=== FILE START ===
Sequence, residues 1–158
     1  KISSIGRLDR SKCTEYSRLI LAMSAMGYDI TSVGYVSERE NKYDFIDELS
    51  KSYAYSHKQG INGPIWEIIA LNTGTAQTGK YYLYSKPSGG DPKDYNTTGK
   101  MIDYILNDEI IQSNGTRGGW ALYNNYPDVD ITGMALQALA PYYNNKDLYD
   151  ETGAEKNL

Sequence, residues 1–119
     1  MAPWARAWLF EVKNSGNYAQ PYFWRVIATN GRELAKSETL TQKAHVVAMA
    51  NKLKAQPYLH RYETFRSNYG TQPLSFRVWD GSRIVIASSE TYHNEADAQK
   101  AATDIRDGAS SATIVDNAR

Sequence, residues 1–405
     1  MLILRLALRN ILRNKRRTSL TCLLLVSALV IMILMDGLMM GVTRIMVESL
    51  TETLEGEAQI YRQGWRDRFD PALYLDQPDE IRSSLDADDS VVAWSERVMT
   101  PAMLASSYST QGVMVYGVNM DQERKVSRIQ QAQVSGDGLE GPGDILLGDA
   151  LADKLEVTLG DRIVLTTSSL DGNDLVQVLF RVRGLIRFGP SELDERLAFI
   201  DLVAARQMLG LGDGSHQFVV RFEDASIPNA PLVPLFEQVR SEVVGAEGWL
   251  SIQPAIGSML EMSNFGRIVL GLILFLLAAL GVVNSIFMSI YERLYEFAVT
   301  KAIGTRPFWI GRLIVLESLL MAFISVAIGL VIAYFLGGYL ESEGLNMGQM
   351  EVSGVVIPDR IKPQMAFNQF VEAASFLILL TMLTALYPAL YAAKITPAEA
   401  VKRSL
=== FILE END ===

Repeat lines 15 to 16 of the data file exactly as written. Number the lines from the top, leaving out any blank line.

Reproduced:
   201  DLVAARQMLG LGDGSHQFVV RFEDASIPNA PLVPLFEQVR SEVVGAEGWL
   251  SIQPAIGSML EMSNFGRIVL GLILFLLAAL GVVNSIFMSI YERLYEFAVT